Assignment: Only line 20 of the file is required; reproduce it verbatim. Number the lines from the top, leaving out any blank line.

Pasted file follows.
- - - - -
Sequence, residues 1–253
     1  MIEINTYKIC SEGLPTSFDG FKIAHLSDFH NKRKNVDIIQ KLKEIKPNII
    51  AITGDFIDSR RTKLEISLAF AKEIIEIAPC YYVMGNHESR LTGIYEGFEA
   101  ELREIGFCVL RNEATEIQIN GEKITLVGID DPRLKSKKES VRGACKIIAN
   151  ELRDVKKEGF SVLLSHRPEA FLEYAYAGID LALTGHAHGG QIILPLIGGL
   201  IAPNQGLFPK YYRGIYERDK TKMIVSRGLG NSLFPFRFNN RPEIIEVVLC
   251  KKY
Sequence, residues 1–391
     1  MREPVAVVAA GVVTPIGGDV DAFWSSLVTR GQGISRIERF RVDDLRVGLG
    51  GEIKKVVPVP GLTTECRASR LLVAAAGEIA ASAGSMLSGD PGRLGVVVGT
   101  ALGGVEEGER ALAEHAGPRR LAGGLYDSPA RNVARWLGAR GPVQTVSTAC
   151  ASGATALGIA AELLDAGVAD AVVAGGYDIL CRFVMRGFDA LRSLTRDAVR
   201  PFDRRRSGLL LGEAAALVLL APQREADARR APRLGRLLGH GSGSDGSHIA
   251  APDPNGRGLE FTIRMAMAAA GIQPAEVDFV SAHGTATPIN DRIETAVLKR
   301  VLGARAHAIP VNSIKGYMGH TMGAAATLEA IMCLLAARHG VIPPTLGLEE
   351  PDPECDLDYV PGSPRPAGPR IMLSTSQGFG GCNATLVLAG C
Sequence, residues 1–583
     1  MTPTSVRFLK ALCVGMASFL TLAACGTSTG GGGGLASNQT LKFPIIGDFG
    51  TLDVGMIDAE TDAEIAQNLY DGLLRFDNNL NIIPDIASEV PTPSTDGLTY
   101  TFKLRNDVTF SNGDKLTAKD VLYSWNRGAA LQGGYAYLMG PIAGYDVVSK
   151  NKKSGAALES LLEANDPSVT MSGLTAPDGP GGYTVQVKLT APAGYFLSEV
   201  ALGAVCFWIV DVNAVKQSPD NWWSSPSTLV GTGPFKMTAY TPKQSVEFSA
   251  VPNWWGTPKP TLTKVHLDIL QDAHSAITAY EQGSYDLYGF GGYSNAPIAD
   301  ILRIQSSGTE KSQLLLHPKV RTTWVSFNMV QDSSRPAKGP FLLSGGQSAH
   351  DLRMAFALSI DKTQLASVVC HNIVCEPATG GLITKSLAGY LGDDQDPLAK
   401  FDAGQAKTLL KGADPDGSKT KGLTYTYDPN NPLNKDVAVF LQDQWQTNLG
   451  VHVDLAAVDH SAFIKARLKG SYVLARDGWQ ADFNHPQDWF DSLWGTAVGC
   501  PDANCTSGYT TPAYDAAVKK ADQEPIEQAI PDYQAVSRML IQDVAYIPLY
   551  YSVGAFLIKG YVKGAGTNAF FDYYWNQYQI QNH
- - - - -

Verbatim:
   101  TFKLRNDVTF SNGDKLTAKD VLYSWNRGAA LQGGYAYLMG PIAGYDVVSK